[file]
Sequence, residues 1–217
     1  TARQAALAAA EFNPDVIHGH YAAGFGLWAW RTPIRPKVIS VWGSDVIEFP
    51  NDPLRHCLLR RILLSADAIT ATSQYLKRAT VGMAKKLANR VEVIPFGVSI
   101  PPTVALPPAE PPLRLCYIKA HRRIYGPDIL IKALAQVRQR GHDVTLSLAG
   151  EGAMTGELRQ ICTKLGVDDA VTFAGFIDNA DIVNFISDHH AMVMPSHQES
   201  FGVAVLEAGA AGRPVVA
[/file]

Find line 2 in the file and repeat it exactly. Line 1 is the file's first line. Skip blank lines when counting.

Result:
     1  TARQAALAAA EFNPDVIHGH YAAGFGLWAW RTPIRPKVIS VWGSDVIEFP